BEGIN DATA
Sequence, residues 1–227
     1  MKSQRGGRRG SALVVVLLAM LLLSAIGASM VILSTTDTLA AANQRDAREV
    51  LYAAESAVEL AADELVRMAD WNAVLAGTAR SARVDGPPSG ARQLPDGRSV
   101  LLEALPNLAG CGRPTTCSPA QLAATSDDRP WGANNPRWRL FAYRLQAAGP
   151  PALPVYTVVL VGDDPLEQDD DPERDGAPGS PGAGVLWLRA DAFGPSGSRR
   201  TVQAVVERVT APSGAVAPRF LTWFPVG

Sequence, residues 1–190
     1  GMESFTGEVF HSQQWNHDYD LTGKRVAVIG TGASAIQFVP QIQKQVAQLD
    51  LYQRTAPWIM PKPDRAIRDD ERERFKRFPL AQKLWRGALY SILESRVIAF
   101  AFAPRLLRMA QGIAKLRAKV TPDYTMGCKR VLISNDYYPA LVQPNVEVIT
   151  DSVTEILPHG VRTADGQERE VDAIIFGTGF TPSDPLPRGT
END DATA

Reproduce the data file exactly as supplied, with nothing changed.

Sequence, residues 1–227
     1  MKSQRGGRRG SALVVVLLAM LLLSAIGASM VILSTTDTLA AANQRDAREV
    51  LYAAESAVEL AADELVRMAD WNAVLAGTAR SARVDGPPSG ARQLPDGRSV
   101  LLEALPNLAG CGRPTTCSPA QLAATSDDRP WGANNPRWRL FAYRLQAAGP
   151  PALPVYTVVL VGDDPLEQDD DPERDGAPGS PGAGVLWLRA DAFGPSGSRR
   201  TVQAVVERVT APSGAVAPRF LTWFPVG

Sequence, residues 1–190
     1  GMESFTGEVF HSQQWNHDYD LTGKRVAVIG TGASAIQFVP QIQKQVAQLD
    51  LYQRTAPWIM PKPDRAIRDD ERERFKRFPL AQKLWRGALY SILESRVIAF
   101  AFAPRLLRMA QGIAKLRAKV TPDYTMGCKR VLISNDYYPA LVQPNVEVIT
   151  DSVTEILPHG VRTADGQERE VDAIIFGTGF TPSDPLPRGT